9:14 p.m. ET CBS News projects Sanders has won Indiana's primary in a major upset.
7:45 p.m. ET Sanders spoke to a rally of his supporters in Louisville, Kentucky on Tuesday night.
He gave his usual stump speech about income inequality, college debt and Social Security benefits.
"As of today, we have now won 17 primaries and caucuses. We have received some nine million votes. When we started this campaign, we were 60 points behind Secretary Clinton in national polls," he said. "We end up winning the vote of people 45 years of age or younger. That is important because it tells me that the ideas that we are fighting for are the ideas for the future of America and the future of the Democratic Party."
7:22 p.m. ET Sanders is getting the support of both men and women while Clinton continues to perform well with black voters who make up 17 percent of Democratic primary voters in Indiana. About three-quarters back Clinton. Sanders wins among the three-quarters of white Democratic Indiana primary voters.
Sanders continues to run strong with younger voters -- 72 percent of 17 to 29 year olds support him. Clinton performs well among older voters -- 60 percent of people over the age of 65.
More Indiana Democratic primary voters think Clinton, 50 percent, would have a better chance to defeat Trump than Sanders, 47 percent.
More voters, 76 percent, said they see Clinton's proposed policies as more realistic than the 67 percent who said the same about Sanders' proposed policies.
Most Clinton and Sanders supporters say they would probably or definitely vote for either candidate if they became the nominee. Thirty percent of Sanders' primary voters currently say they would not back Clinton in November, and 19 percent of Clinton supporters say they wouldn't vote for Sanders.
7:00 p.m. ET Polls have officially closed in Indiana.
6:14 p.m. ET Caring about people and the candidates' honesty are the top qualities that mattered most to Indiana Democratic primary voters.
While Republicans say the campaign has divided their party, about three-quarters of Democratic primary voters in Indiana say the campaign has energized their party.
Nearly nine in ten Indiana Democratic primary voters say the country is ready to elect a woman president.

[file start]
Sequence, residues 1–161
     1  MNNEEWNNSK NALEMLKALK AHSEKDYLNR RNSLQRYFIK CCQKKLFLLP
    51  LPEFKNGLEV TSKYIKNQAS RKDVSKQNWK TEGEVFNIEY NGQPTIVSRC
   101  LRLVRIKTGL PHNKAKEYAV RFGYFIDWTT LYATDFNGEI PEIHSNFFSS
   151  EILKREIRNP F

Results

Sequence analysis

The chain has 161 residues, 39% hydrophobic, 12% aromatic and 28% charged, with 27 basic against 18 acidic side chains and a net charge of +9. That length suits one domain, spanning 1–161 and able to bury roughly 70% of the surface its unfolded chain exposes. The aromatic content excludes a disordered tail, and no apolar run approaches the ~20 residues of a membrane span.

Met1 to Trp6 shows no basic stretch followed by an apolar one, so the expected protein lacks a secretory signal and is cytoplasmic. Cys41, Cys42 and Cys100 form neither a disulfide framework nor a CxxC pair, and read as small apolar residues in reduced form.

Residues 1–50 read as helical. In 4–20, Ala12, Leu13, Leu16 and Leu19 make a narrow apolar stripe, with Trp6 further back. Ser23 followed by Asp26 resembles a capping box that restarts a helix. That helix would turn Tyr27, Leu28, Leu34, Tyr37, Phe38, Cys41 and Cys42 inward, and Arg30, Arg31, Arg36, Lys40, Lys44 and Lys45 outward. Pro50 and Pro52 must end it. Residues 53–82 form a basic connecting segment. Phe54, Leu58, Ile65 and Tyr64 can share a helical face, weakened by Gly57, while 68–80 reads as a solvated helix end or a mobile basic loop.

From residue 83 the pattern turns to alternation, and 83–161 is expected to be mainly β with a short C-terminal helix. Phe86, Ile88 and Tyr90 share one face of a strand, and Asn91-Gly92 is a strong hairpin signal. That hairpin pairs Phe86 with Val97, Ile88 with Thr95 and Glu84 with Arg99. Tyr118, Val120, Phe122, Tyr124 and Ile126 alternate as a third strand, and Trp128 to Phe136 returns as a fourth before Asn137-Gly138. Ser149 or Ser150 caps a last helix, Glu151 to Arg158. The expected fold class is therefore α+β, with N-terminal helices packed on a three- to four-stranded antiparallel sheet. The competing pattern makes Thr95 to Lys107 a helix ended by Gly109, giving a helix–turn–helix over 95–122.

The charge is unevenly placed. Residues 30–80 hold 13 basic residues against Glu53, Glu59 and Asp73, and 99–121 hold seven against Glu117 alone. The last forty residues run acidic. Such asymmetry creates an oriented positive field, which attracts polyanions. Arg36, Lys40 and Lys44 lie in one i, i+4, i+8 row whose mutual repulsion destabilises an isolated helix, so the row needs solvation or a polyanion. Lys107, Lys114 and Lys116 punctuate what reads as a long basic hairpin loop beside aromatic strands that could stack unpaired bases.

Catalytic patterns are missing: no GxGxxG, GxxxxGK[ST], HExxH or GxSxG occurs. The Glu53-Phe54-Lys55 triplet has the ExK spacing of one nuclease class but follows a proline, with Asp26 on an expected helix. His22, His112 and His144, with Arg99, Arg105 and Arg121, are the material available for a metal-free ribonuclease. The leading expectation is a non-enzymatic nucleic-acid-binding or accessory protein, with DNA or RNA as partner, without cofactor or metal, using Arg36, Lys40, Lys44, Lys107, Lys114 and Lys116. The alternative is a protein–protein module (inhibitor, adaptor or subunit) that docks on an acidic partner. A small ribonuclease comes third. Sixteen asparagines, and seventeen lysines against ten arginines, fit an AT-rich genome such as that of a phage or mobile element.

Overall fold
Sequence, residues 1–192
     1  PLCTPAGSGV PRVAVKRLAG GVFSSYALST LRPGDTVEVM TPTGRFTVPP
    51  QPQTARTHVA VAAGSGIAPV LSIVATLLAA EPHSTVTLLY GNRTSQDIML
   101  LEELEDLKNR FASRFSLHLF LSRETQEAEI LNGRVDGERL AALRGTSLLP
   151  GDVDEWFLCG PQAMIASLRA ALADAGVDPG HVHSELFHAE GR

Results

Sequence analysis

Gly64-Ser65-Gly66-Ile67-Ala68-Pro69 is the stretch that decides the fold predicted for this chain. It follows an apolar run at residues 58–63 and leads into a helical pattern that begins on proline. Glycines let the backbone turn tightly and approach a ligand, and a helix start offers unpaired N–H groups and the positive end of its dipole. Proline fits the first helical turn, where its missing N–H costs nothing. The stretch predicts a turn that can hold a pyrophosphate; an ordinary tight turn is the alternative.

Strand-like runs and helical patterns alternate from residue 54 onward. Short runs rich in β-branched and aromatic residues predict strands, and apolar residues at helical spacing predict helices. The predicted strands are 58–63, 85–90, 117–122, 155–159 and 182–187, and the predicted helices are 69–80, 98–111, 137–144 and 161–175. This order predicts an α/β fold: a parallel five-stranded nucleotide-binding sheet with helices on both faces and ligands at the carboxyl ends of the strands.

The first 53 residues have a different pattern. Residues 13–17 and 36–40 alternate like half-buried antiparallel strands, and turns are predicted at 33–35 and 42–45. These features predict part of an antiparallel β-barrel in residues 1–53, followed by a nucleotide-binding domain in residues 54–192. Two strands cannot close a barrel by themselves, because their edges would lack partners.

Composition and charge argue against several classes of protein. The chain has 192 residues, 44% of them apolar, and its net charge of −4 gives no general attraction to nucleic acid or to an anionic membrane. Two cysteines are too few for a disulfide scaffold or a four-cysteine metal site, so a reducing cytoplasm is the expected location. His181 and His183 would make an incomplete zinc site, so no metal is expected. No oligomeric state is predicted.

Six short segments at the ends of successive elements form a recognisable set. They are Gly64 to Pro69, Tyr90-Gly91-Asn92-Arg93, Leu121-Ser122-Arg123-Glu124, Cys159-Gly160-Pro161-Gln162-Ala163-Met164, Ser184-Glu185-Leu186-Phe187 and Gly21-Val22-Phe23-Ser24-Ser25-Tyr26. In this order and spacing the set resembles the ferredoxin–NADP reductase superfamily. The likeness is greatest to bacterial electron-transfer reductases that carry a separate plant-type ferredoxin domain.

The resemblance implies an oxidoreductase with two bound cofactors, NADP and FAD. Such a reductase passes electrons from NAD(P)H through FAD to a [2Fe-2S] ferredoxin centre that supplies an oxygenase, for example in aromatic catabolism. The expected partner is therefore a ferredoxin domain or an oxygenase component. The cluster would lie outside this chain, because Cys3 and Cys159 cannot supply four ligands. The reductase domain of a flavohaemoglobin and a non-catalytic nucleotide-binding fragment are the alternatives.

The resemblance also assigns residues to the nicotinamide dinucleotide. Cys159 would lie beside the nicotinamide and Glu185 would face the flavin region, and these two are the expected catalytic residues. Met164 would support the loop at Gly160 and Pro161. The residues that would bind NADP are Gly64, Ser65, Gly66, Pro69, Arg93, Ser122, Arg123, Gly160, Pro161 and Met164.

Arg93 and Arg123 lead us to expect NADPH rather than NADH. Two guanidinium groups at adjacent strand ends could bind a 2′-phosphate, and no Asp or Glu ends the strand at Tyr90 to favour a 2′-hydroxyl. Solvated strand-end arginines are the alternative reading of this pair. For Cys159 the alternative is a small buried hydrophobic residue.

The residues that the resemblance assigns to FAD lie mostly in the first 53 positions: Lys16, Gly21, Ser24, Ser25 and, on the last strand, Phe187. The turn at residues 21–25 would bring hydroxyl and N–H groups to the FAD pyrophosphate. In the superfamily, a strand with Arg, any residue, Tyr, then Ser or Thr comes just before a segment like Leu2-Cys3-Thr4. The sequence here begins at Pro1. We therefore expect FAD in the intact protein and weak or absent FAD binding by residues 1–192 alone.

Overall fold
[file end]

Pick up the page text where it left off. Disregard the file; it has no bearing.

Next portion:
5:00 p.m. ET The first set of polling places in Indiana -- those in the Central time zone -- close in the next hour, at 6 p.m., ET, while the other parts of the state, on Eastern time, polls are expected to close in two hours, at 7 p.m.
Preliminary exit polls show a plurality of voters in the Democratic race named the economy and jobs as the most important issue for them in Indiana. Nearly two-thirds said Wall Street hurts the economy while just under a third said it helps it.
Twenty-seven percent of Democratic primary voters said Hillary Clinton has attacked Bernie Sanders unfairly while 19 percent said the same about Sanders attacking Clinton.
Exit polls also show that nearly three-quarters expect Clinton to be the Democratic nominee while only 27 percent said the same about Sanders' chances. Half of Democratic voters in Indiana want to see the next president continue President Obama's policies and just over a third want more liberal policies.
On the Democratic side, Indiana allocates 92 delegates and they are awarded proportionally between the candidates that get at least 15 percent of the statewide vote.
Because Indiana operates under an open primary system, any registered voter can cast a ballot in either the Democratic or Republican race regardless of party affiliation. This means independents can participate.
According to CBS News' latest count, Clinton has 2,165 delegates, including superdelegates and Sanders has 1,346.
CBS News polling analyst Melissa Herrmann contributed to this report.
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